Golden Gate has accused its partner of breaching a drilling agreement, whereby BNP was obliged to drill a Manzano well to a depth of 10,500 feet (3200m).
If the well recovered no commercial hydrocarbons to that depth, BNP could elect to hand the well over for $6 million cash to allow the well to be deepened to 15,000 feet.
But Golden Gate said that for “a variety of reasons” BNP failed to drill the well before the rig was released on July 31, marking the end of the 2006-07 drilling program.
In response, BNP sought a court injunction to force Golden Gate to continue the arrangement.
“[Golden Gate’s US subsidiary] Kindee believes the lawsuit is without merit and will vigorously contest the claim,” the company said.
“In the unlikely event that BNP is successful, the outcome for Golden Gate is that it will be forced [to drill] the Manzano well. Kindee is preparing its response to the BNP claim.”
Meanwhile, the company is about to start drilling on the Dunn Deep structure to appraise the MT35 reservoir that has been producing at more than 4.5 million cubic feet of gas per day from the LaPlaya deep well.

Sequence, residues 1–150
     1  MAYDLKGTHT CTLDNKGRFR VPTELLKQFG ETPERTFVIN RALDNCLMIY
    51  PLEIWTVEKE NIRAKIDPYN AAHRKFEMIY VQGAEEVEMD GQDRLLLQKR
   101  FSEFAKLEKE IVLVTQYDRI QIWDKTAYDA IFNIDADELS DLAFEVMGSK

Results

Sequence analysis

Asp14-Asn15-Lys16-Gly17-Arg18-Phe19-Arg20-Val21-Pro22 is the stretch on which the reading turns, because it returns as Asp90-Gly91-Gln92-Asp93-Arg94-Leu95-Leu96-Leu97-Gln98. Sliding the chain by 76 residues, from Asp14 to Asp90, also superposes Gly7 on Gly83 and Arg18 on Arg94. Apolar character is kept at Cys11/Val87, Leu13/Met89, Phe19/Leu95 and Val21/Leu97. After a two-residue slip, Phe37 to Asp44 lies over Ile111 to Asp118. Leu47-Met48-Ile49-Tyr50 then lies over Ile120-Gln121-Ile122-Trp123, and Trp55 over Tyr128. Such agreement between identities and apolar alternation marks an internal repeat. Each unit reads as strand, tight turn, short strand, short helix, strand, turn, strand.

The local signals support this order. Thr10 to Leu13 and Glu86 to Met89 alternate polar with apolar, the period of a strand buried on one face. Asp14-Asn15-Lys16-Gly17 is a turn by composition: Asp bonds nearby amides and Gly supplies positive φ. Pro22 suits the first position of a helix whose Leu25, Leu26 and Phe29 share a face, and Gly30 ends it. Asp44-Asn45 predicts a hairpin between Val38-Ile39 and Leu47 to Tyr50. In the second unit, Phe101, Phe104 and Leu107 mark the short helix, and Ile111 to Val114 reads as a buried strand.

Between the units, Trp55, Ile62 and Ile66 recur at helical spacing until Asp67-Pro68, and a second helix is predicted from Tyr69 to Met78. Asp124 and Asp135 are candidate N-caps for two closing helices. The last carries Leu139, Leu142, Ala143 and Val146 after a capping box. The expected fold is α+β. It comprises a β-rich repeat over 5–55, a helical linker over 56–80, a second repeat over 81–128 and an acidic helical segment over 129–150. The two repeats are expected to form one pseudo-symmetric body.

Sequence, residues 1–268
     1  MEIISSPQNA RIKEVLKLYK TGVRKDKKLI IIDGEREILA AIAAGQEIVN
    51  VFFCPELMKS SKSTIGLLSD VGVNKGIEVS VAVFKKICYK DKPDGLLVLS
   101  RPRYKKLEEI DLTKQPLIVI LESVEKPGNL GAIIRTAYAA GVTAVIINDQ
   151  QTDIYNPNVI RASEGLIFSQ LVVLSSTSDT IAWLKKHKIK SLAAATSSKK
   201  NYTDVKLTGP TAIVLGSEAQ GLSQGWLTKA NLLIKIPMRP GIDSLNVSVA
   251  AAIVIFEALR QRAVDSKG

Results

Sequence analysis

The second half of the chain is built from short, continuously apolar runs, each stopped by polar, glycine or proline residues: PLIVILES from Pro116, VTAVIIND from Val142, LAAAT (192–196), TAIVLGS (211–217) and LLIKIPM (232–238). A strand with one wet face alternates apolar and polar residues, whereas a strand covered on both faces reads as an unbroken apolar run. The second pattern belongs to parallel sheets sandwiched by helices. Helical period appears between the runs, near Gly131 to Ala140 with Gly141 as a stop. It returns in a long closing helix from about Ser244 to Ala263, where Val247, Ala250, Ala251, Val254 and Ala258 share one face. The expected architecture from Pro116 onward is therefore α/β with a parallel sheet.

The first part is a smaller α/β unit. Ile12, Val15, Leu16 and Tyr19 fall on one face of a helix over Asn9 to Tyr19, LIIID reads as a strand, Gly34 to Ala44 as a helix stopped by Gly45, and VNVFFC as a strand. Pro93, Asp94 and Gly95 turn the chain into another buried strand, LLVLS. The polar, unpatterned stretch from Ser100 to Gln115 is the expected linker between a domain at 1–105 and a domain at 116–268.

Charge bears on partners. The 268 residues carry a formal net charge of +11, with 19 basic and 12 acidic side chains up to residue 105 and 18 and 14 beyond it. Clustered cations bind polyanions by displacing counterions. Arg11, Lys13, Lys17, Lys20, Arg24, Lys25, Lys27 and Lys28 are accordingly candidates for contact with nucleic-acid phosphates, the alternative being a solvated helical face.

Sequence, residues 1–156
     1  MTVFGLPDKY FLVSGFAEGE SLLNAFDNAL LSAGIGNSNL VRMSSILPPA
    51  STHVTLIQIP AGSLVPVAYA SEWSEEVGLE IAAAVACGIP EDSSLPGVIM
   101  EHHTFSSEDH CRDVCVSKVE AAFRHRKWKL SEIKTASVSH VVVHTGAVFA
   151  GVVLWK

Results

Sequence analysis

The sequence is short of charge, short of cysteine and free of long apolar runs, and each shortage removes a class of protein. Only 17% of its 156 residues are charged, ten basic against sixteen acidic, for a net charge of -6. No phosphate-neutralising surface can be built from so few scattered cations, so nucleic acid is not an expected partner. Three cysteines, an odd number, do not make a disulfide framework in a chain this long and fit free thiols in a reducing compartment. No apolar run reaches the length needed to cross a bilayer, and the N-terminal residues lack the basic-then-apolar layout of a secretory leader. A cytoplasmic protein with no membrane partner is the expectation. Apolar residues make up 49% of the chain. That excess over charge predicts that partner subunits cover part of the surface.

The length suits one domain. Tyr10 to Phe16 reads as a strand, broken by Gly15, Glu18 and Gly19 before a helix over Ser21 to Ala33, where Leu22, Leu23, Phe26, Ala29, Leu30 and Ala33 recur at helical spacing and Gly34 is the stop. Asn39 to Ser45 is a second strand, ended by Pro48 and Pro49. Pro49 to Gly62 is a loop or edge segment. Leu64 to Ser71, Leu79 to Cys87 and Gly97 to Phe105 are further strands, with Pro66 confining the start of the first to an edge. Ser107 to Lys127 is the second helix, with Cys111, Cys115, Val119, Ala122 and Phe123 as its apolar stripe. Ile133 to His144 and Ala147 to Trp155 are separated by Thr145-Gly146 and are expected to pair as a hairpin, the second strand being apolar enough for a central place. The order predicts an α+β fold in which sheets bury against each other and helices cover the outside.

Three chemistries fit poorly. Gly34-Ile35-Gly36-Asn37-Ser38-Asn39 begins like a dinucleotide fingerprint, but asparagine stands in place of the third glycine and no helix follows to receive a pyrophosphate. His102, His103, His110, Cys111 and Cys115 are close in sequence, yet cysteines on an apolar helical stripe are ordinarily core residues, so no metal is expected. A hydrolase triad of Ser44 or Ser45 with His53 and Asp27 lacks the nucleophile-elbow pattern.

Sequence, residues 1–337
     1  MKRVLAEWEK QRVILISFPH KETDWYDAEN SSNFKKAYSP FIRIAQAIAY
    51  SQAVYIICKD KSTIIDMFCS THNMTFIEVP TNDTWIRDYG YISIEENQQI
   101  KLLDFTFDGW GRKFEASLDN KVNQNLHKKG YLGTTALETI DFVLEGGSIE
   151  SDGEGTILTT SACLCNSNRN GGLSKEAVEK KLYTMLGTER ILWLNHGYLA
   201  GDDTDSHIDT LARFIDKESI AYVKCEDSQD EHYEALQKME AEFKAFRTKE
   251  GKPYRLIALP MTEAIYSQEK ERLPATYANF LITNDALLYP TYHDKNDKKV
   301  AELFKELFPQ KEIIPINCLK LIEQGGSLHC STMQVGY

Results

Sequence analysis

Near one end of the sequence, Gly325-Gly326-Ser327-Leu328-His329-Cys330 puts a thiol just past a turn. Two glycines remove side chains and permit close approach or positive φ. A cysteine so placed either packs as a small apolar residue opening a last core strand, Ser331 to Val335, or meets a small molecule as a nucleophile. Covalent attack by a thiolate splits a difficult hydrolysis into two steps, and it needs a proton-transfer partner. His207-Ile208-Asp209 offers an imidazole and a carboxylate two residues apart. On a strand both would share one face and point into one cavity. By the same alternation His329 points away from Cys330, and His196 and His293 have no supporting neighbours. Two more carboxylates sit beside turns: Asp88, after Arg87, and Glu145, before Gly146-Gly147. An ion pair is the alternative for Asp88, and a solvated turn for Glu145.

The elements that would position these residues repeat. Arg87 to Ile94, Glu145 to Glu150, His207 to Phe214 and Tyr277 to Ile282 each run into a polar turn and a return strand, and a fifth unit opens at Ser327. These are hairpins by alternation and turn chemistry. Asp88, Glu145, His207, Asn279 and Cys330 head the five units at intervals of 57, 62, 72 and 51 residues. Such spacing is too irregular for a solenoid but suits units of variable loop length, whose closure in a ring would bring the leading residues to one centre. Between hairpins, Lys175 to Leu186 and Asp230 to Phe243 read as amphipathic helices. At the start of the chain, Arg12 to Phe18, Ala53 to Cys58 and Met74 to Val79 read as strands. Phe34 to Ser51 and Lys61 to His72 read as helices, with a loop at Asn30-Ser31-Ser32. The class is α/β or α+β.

The appraisal well, to be called Mid Frio Unit-2, is expected to take 35 days to be drilled to 10,465 feet.
“The Dunn Deep structure is stratigraphic in nature and its size cannot be determined from the 3D seismic,” Golden Gate said.
“This well will assist in delineating the field as well as having the potential to accelerate production and cash flow. In addition to the MT35 reservoir there are a number of thinner shallower objectives that may be productive.”
Golden Gate has farmed-out 15% of its working interest in the well to two other parties, which in return will fund 20% of the drilling costs.
As a result, Golden Gate now has a 20% interest in the well and will pay for 15% of the costs.